High-quality maternity services in demand

By Zhou Wenting in Shanghai | China Daily | Updated: 2023-04-03 07:36
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Doctors provide high-quality services at International Peace Maternity & Child Health Hospital of China in Shanghai. [GAO ERQIANG/CHINA DAILY]

Public hospitals offer VIP facilities for expectant mothers

Last summer, Tang Zhewen gave birth to her daughter in the VIP department at a public hospital in Shanghai.

The service provided at one of the city's most-respected maternity institutions — from antenatal checkups to delivery — cost her almost five times the average monthly salary in the city.

The per capita disposable income of Shanghai residents last year was 79,610 yuan ($11,567). Tang paid more than half this amount for the service she received.

She said many factors prompted her decision to use the hospital — such as her husband being allowed to take part in the entire checkup process, including ultrasonography.

The doctors at the unit also have more experience than those at other institutions, and after giving birth, Tang had a room to herself, rather than being accommodated in a ward of eight patients.

"I didn't consider the hospital's general maternity department, as it is so crowded, and pregnant women often wait a long time for an antenatal checkup," said Tang, 34, an administration worker at a State-owned enterprise.

"Pregnancy and childbirth are special stages in a woman's life, and perhaps once-in-a-lifetime experiences, so I wanted the best treatment I could get."

Although the number of births has fallen in Shanghai and nationwide in recent years, more women are opting for better services at major maternity hospitals in the city.

Tang gave birth in the welfare unit at International Peace Maternity & Child Health Hospital of China, or IPMCH. Nearly one-fifth of the 10,000 or so babies delivered at the hospital last year were born in the VIP unit.

At Shanghai First Maternity and Infant Hospital, high-quality maternity services now comprise 20 percent of such amenities provided by the institution.

Wang Yanlin, vice-president of IPMCH, said: "With development of the social economy and improved health awareness among the public, people have higher aspirations for a good life. The VIP unit, where services are constantly being upgraded, meets women's requirements for a more humanistic service, while providing quality medical treatment."

IPMCH was established in 1952 by Soong Ching Ling, the widow of Sun Yat-sen. It was the first maternity and child health hospital established in the nation since the founding of New China three years earlier.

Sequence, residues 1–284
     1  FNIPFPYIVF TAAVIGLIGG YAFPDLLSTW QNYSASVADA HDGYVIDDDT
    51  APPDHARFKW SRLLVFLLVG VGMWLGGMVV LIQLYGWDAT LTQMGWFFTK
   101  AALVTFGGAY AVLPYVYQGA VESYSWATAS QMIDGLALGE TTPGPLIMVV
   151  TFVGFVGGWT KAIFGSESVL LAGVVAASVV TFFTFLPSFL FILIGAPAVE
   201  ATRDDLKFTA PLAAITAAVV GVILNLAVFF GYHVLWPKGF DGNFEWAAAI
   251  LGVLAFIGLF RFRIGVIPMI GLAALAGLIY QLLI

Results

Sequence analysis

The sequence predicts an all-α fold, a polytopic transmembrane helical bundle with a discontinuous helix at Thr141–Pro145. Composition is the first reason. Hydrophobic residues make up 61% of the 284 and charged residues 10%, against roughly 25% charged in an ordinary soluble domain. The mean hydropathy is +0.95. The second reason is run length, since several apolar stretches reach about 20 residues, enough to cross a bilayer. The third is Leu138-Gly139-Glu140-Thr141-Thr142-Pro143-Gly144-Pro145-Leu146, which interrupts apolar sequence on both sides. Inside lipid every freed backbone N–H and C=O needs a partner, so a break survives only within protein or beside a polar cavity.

At public hospitals across the country, only a limited number of places are available for women signing up at a general department for antenatal checkups and child delivery. The time each woman has with a doctor is also limited, and in most cases, spouses are excluded from many procedures.

Wang said the VIP unit at IPMCH was established jointly in 2002 with Johns Hopkins Hospital in the United States.

Clients were initially foreigners and some Chinese with medical insurance to cover much of the cost, but now, most of the clients are Chinese, and the number of beds has risen from 10 to 30, Wang said.

She added that maternity services failed to meet demand in most cases, although those signing up at the hospital's general department pay much less, and the cost is largely covered by public medical insurance.

Such demand drove the hospital to launch the VIP unit at its branch in suburban Fengxian district in July this year.

Zhou Ye, director of the unit, said: "We always limit the room occupancy rate to give new mothers a better experience. We used to keep it at 60 percent, but it has been pushed up to more than 70 percent, as the number of those signing up for the VIP service has risen significantly."

To maintain a quiet and comfortable environment, the hospital insists that no more than 70 percent of the rooms are occupied.

Sometimes there are lines of patients waiting for a checkup, Zhou said, and the institution is trying to improve the situation for patients by introducing digital payment and allocating reservation times more precisely.

She added that every expectant mother is assigned a doctor throughout pregnancy and delivery. Family members are allowed to accompany the patient throughout the process, and they can stay in the room after the baby is delivered.

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